Measuring critical P
As highlighted in Figure 1, where critical P levels are not met (under-fertilising), pasture growth rates are inhibited.
Exceeding critical P (over-fertilising):
- does not support additional growth
- results in additional soil phosphorus ‘fixation’
- can be environmentally hazardous.
Carrying out regular soil testing is the first step in developing a cost-effective and efficient phosphorus
Soils always contain more phosphorus than is available to plants during the current growing season. Most of the phosphorus is in compounds plants cannot use directly, is tightly bound to soil particles or is in compounds that are only sparingly soluble.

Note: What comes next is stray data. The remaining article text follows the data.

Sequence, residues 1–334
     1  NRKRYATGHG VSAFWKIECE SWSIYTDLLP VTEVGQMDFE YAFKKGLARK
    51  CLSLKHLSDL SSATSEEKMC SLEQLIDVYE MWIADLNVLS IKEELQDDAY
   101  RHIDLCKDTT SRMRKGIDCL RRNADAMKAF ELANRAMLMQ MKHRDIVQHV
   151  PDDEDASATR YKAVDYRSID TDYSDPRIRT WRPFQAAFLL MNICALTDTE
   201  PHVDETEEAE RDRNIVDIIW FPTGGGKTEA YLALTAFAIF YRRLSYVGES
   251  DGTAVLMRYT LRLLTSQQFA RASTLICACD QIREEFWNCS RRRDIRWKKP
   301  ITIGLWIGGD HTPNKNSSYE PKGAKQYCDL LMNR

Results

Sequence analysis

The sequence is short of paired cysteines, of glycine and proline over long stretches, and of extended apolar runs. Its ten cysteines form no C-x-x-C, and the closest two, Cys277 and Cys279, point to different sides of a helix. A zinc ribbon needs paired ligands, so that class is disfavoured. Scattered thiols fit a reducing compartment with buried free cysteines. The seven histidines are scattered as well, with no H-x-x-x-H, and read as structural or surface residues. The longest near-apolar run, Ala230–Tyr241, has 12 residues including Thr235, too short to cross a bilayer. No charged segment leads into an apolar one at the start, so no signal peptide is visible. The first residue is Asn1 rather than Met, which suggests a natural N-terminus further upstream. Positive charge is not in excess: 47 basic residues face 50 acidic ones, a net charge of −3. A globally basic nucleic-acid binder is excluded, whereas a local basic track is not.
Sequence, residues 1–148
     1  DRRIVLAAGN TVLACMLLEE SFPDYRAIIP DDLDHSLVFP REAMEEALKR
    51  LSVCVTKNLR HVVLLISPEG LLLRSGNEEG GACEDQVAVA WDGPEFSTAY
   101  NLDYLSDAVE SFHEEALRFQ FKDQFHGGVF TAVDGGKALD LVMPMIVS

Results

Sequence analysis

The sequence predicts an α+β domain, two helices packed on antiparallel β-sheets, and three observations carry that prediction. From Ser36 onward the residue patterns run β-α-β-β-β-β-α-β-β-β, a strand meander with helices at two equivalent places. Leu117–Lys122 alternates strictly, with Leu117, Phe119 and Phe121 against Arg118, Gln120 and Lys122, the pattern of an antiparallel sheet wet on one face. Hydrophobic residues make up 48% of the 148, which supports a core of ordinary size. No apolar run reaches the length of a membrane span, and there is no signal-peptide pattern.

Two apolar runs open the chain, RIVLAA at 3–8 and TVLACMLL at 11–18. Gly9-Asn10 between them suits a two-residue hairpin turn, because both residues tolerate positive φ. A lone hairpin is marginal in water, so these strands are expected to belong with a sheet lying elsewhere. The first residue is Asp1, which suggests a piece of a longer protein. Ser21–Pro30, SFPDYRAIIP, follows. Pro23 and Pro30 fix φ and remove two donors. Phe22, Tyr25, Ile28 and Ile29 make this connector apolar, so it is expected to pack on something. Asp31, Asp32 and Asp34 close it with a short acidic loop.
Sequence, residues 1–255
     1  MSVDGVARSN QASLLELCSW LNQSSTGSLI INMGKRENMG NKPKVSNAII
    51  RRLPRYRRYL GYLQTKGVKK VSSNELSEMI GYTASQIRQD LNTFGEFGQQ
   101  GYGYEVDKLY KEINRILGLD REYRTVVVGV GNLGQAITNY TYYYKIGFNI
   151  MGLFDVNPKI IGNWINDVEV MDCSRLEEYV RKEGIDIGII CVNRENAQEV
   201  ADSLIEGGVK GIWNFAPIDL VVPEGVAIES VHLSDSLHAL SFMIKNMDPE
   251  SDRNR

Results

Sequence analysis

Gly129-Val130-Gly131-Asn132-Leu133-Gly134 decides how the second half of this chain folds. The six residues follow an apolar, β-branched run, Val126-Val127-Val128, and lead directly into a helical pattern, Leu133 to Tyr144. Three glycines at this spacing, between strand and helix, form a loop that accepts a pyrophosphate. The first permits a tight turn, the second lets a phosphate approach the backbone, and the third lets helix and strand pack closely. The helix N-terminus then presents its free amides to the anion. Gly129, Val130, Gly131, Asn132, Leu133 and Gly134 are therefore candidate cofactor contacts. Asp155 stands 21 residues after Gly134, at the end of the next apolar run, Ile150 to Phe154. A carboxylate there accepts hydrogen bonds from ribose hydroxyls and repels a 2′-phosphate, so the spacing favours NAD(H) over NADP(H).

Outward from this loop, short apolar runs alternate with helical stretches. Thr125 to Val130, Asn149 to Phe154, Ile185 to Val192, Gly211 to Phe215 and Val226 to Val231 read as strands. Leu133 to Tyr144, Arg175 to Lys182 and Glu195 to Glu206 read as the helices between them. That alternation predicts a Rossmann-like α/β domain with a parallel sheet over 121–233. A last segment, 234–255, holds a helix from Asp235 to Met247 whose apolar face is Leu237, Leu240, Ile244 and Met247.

Soil tests aim to extract a phosphorus fraction that indicates how much phosphorus is available for plant growth.
Strategic phosphorus application
Determining how much phosphorus to apply will depend on whether the aim is to ‘increase’ soil phosphorus fertility or maintain the current level of fertility by holding the paddock at about the same soil phosphorus test value.
For more information on how to implement a cost-effective soil testing and fertiliser program, see the Five Easy Steps phosphorus tool.
Predicting how many head of stock you can carry as soil fertility increases is often the most difficult task.
Use MLA’s stocking rate calculator and Rainfall to pasture growth outlook tool, in conjunction with the Five Easy Steps phosphorus tool, to ensure additional pasture growth – as a result of improved soil phosphorus fertility – delivers associated enterprise profits.